I therefore proceed to determine whether the action  of the claimants are indeed statute barred and it is settled law that in determining the competence of a suit, the determining factor is the plaintiff’s statement of claim, the court has a duty to carefully examine the reliefs sought to ascertain what the claim is all about. In HAMADU ALI AGENCIES LTD v. FIDELITY BANK & ORS (2019) LPELR-47981(CA) the court held that "In AMODU VS AJIBOYE (2000) 14 N.W.L.R. (pt. 686) 15 at 26 paras A-B the Court commenting on the moment when time begins to run for purpose of limitation law held thus: "The period of limitation in respect of any case runs from the date the cause of action accrued. To determine the date of the cause of action, one has to look at the writ of summons and the averments in the statement of claim and the evidence adduced in Court in order to find out when the wrong which gave the plaintiff right to the cause of action arose." See also AKWA IBOM STATE HOUSE OF ASSEMBLY & ORS v. IMENAM (NIG) LTD (2020) LPELR-50268 (CA).

While considering the statement of claim, the yardsticks to apply in determining whether an action is statute barred were clearly laid down by the Court in AJAYI V ADEBIYI (2012) 11 NWLR (Pt.1310) as follows:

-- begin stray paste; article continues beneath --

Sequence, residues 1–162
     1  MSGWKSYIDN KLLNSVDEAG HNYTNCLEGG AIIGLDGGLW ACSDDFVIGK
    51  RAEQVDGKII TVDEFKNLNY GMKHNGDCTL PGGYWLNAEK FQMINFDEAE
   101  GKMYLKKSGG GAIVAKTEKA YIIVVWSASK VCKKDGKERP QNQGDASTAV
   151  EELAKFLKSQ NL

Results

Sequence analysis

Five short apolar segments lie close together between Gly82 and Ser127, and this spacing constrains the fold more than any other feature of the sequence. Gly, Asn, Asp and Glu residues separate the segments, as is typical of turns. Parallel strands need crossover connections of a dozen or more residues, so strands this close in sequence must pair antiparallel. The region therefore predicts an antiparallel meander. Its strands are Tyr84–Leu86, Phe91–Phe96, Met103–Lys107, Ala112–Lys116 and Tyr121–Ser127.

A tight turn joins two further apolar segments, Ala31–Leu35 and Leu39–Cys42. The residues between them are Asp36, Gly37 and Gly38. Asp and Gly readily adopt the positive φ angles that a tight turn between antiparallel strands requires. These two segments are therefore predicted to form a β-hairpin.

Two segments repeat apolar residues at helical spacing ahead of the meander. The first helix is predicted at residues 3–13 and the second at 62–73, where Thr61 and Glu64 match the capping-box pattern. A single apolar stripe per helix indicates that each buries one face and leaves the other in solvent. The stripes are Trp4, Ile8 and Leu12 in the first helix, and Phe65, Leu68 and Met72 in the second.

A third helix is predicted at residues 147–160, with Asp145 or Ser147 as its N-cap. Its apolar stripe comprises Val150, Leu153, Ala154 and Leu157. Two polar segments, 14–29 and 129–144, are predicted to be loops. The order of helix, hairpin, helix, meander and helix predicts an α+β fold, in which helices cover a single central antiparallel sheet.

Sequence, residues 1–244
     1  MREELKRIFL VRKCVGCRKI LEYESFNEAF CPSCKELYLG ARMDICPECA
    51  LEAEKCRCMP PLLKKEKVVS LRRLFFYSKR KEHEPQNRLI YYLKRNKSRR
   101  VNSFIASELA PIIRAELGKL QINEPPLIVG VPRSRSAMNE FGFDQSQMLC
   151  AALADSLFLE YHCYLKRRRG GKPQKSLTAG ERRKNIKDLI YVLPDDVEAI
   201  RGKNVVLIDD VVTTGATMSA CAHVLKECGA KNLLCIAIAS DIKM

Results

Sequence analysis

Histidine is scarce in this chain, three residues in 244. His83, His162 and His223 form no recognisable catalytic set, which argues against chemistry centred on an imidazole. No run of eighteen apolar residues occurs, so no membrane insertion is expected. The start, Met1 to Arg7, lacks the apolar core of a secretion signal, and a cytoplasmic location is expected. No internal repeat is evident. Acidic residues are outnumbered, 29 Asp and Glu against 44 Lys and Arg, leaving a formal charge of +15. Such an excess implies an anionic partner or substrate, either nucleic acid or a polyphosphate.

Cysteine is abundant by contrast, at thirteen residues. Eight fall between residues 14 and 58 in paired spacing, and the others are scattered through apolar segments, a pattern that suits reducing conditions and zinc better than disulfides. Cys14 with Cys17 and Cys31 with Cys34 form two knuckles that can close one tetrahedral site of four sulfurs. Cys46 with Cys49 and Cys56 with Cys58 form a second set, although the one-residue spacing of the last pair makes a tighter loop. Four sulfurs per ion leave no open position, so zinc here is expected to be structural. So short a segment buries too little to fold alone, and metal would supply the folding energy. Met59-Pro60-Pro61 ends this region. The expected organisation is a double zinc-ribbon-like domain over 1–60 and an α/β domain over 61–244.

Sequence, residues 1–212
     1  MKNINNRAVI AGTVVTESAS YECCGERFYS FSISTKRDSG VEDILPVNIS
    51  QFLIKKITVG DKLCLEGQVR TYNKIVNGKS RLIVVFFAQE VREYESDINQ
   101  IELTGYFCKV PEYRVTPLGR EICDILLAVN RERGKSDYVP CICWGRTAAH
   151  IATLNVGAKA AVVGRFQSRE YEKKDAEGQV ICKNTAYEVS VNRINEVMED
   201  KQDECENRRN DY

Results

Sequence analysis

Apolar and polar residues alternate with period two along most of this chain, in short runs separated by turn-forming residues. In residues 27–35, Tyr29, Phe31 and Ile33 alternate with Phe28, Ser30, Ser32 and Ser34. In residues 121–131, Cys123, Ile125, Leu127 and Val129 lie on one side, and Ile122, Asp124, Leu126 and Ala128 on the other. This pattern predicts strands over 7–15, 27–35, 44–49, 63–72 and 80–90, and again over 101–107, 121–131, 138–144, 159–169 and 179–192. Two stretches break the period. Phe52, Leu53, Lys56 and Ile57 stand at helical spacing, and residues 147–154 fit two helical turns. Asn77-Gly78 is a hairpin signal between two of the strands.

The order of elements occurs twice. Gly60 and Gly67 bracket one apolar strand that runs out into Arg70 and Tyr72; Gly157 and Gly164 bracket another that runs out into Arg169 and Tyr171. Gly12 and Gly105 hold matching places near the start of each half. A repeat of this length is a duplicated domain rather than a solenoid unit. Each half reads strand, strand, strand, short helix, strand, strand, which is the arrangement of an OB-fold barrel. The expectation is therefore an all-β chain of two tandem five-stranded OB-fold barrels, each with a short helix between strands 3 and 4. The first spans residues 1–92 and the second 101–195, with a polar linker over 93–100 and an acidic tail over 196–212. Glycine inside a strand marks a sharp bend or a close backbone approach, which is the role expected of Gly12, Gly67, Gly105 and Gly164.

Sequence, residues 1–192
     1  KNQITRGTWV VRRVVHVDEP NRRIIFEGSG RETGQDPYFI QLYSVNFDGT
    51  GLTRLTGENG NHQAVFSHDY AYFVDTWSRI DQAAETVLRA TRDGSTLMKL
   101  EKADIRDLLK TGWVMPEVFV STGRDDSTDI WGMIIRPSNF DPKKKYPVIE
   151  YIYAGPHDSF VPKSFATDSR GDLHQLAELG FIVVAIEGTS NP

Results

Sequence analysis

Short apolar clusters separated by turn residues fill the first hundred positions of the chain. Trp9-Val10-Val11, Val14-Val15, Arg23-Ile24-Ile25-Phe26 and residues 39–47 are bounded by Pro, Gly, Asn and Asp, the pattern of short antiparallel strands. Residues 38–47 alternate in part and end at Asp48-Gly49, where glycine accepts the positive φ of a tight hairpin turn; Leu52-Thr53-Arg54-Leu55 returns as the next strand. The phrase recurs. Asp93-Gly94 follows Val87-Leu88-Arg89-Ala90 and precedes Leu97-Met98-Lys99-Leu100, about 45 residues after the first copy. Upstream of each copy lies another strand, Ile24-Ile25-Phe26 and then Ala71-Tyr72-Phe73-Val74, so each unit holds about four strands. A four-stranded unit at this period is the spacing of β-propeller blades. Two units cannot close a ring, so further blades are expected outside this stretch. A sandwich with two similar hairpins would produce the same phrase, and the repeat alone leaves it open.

a.                 The date when the cause of action accrued;

b.                 The date of commencement of the suit as indicated on the writ of summons (in this case the Complaint and statement of fact); and

c.                  The period of time prescribed to bring an action to be ascertained from the statute in question.

In applying the yardsticks, I have carefully considered the statement of claim where, for more emphasis I will reiterate the case of the claimant which is that the Claimant as a Marine Engineer was employed by the Defendant with the responsibilities of ensuring safe navigation of ship, cleanliness and sea worthiness of ship. That on the 7th July 2012 though he admitted the date of the incident to be 29th of April 2012 during cross examination, there was a fire outbreak in vessel NNS Vanguard at the Bonny Shell slot that came to relieve the defendant's vessel NNS Fortress which the claimant alleged he was in the said vessel NNS Fortress. The Claimant alleged that, he and one of the personnel on board the vessel had to risk their lives to put out the fire and as a result of the non-availability of the required protective equipment and tools to put out the fire, the Claimant sustained an injury. The claimant alleged that after the aforesaid fire accident, the claimant has been in and out of several hospitals and have been going through excruciating pain since then till date. And the claimant carried out a MRI Scan which revealed that his spine was adversely affected by the accident and he was in need of urgent medical care and physiotherapy, the Claimant notified the Defendant of his discovery but the Defendant merely referred him to their medical facility. And that all through this period that the Claimant sustained the said injury, he continued to work for the Defendant under great pains with the aid of a lumber support, posture Corrector and back stretcher to enable him carry out his duties. Unfortunately his employment was terminated on the 30th December 2021.